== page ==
23. Brian Burke says:

    Excellent comment. I chose that group because it was the most similar group to compare and still yields an adequate sample size. True, regression to the mean should be somewhat weaker for the comparison group. And that's exactly what we see in the means of the games played and started. The high-carry group played in and started in a slightly higher number of games the following year, just not enough to be due to a systematic process.

    I don't claim I proved that a curse does not exist, only that the stats fail to show a curse exists. What we observe is explained by perfectly normal and expected processes unrelated to "overuse."

    But...if it does exist, it must be small and insignificant enough to escape statistical detection with some fairly sturdy methodology. So, I guess, yes, I do claim for practical purposes the curse does not exist.

    Regarding Dickerson...ok, if you insist on throwing out the cases that counter the thesis, then throw out an equal number of cases on the other side of the coin, and see if the effect remains. I doubt it would.

  24. Dave says:

    Right on, but it is tricky to decide to throw out one person to counter Dickerson, or five seasons. I don't like that it makes a difference, either.

  25. drichters says:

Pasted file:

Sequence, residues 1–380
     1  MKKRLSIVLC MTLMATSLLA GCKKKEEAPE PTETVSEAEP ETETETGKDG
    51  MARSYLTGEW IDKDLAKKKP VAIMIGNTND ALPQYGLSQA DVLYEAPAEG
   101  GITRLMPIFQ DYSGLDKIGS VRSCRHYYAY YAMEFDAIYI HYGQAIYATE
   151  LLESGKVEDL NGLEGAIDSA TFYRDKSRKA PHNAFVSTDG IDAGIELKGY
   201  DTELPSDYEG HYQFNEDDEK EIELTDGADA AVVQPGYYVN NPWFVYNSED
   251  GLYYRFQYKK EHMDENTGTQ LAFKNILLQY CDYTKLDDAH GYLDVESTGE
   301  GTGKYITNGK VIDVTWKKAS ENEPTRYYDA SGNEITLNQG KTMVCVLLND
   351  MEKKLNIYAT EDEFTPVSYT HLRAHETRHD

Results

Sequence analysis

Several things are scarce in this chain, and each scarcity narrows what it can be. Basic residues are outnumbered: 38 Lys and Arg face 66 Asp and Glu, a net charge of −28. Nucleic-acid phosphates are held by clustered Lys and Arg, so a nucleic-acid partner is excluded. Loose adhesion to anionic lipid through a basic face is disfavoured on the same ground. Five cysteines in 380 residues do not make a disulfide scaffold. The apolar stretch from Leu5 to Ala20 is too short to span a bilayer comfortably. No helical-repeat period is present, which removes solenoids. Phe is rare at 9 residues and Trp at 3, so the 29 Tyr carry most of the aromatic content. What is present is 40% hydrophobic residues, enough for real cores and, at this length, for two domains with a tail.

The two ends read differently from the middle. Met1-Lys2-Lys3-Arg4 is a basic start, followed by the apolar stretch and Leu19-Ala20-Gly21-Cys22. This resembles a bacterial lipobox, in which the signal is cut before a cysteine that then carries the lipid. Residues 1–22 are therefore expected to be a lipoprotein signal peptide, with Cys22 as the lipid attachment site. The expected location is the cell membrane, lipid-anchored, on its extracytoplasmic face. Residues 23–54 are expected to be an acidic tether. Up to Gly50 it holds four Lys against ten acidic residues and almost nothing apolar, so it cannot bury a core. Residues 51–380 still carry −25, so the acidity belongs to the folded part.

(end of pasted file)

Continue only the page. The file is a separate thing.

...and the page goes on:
What bothers me most about FO is that they don't publish their model. I have no way of knowing if DVOA, for example, is theory-driven or if their model consisted simply of drawing a line through some points. I'd not only like to see how DVOA is calculated, but also how it was derived. My suspicion is that they fit the event to value with so many free parameters that it would be impossible to not have a good fit. If this is the case, DVOA has very little predictive value. If DVOA were mostly theory-driven (and I guess it might be) and the model fit well with very few free parameters, I would start to pay attention to it. I just can't stand that they do not describe their methods at all. At least I looked at one point and couldn't find it, but maybe I just would have to pay for it...

    Also, they say "this data" instead of the correct "these data", which is gross.

  26. Parker says:

    I don't see why you have a problem with the statement that almost every running back not named Eric Dickerson has had trouble producing well after a 370 carry season. That is true. Its observation.

    If you want to make it a season by season case study that doesn't make sense. Aren't we interested in finding out how individuals are affected by high carry seasons?

    It seems that you agree with the FO article but are intent on arguing that it is only mostly right.

  27. Brian Burke says:

    Parker-I think you completely misunderstand the article. I think that normal expected processes explain the regression of RB performance after high-carry years, and overuse is not needed as an explanation. Excluding Dickerson and cherry picking 370 are the only way to substantiate the overuse hypothesis.

  28. parker says:

    There is a risk in overusing running backs and we all should know by now that risk is most effectively measured geometrically and not linearly. I think that is where you method of finding statistical significance can be called into question. You didn't calculate the risk of ruin and how that would most effectively be managed.